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John Adams to Abigail Adams

15 Jan. 1796

My Dearest Friend Philadelphia 15 Jan. 1796

We have floods of rain but no frost nor Snow and very little news. The Democrats continue to pelt as you will See by the inclosed Political Chess. We go on as We always have done, for the three first months of the Session, distributing Business into the hands of Committees, meeting and adjourning. The Gallery finds little Entertainment in our Debates. We have Seldom more than 30 or 40\ in it/ sometimes 4 or 5 and sometimes none at all.

The Treaty is again unaccountably delayed—We are not well Served. These disappointments frequently force from me a vain glorious boast in my own breast, which however I never utter but to you "It was not thus in my Day."—and what is much more dear to my heart—"It is not thus where my Son is"—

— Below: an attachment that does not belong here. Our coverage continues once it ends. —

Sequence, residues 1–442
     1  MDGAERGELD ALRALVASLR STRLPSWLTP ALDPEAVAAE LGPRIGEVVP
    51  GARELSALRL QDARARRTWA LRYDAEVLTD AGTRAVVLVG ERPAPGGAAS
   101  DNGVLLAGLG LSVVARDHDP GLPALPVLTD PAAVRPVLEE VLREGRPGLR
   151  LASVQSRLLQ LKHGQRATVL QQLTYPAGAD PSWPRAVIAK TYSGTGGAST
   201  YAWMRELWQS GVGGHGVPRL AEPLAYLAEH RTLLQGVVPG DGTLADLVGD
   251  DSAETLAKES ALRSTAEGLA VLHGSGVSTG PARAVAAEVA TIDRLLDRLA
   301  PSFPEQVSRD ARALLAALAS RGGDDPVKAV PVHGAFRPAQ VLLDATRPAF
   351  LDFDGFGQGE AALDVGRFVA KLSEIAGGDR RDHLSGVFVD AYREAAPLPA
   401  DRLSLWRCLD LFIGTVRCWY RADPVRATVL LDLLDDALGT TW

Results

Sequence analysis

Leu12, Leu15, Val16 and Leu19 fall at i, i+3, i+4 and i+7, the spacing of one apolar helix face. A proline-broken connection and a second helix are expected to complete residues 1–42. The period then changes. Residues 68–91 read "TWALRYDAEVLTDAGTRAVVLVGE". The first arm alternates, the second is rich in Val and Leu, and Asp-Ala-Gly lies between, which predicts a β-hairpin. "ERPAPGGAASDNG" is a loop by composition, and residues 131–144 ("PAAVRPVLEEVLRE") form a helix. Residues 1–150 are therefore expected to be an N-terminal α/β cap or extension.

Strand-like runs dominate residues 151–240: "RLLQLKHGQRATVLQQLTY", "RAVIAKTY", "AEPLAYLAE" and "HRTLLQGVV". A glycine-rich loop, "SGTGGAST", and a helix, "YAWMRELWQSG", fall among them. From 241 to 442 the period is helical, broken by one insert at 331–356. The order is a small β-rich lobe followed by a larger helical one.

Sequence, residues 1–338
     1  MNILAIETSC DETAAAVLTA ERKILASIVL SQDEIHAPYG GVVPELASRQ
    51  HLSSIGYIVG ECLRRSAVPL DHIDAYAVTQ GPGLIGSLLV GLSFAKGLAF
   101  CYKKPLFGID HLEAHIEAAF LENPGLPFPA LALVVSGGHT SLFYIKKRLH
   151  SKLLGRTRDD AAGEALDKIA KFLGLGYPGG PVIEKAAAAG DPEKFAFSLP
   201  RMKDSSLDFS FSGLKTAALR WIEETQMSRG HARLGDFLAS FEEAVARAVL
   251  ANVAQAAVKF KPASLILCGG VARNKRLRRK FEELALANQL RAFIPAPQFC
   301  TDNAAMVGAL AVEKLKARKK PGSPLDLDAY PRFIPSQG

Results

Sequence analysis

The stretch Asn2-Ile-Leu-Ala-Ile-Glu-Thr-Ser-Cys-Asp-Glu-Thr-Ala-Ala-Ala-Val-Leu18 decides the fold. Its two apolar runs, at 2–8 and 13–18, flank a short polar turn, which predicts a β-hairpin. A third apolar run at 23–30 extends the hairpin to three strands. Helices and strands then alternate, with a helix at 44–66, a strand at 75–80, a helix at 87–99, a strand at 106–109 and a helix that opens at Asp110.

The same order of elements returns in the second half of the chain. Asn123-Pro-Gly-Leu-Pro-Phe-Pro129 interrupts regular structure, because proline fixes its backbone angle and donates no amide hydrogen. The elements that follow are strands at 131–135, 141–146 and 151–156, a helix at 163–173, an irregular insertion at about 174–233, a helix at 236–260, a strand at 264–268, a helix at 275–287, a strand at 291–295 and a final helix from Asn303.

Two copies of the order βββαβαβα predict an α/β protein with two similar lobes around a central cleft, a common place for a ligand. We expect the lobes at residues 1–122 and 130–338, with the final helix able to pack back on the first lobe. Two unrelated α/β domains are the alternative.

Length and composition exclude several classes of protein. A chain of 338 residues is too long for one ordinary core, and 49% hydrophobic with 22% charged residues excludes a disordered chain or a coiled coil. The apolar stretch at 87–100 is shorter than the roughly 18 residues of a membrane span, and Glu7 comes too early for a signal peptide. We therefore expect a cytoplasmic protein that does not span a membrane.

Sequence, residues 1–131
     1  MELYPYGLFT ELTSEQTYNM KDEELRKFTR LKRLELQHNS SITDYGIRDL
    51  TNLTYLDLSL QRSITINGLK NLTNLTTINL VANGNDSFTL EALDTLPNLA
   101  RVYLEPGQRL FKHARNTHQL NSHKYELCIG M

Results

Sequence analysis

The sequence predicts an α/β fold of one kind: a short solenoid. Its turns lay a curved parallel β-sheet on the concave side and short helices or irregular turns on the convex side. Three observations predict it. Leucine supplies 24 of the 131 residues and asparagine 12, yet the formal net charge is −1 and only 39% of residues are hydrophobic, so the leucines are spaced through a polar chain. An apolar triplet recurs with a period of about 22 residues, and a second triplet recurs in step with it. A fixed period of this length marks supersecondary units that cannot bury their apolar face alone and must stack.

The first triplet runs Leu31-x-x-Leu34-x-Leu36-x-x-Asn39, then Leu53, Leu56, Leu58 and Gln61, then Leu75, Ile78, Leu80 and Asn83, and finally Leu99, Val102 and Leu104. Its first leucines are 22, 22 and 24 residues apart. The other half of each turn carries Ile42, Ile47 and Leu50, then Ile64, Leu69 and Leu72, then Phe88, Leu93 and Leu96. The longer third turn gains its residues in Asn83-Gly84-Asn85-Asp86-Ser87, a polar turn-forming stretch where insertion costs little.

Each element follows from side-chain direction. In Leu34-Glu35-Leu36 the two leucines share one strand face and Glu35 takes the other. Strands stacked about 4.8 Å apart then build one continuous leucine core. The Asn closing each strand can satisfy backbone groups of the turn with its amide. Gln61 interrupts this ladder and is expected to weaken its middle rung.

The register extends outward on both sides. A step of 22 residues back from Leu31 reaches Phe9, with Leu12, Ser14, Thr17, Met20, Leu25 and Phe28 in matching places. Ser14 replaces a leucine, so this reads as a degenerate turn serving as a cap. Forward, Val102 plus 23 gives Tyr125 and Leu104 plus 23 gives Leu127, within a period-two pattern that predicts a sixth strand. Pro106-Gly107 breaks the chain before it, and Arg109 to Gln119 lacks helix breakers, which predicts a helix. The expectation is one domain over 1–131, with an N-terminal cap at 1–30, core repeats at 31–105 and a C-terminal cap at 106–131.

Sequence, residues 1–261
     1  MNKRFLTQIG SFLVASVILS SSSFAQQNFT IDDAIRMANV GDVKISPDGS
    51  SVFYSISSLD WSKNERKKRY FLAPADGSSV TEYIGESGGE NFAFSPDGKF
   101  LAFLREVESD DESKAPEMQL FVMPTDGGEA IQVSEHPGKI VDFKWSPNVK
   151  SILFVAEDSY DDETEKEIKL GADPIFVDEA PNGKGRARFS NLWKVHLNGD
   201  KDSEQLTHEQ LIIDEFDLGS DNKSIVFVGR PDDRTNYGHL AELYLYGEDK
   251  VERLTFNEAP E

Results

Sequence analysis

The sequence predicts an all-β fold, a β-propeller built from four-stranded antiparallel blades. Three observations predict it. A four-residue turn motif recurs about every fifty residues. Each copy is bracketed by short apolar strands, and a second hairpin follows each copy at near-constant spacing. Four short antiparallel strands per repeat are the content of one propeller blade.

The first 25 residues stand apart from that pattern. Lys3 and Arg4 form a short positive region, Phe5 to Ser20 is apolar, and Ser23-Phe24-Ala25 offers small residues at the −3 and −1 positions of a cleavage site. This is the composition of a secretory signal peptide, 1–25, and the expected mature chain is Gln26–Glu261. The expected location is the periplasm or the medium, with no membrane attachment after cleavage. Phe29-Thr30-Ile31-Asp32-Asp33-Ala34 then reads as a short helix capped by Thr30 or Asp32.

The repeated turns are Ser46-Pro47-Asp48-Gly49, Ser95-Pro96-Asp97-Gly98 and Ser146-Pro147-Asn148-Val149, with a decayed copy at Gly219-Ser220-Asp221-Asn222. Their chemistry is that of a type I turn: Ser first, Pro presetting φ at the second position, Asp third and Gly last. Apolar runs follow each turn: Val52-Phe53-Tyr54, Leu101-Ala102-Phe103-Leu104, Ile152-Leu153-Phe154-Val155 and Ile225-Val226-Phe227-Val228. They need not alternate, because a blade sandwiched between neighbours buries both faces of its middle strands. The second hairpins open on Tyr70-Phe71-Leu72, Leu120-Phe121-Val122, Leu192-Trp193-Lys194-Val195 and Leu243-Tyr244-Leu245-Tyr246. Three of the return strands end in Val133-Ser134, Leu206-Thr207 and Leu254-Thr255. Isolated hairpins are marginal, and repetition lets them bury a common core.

The British Government appears to be driven to hard Shifts. They are hazarding a dangerous Bill, to Suppress Clubbs. I wish it may not weaken rather than Strengthen their hands. But restless Democracy Struggling for Aristocracy, will destroy itself and introduce Despotism as I fear. And an Awful Struggle must however intervene.

RC (MHi: Adams Papers).
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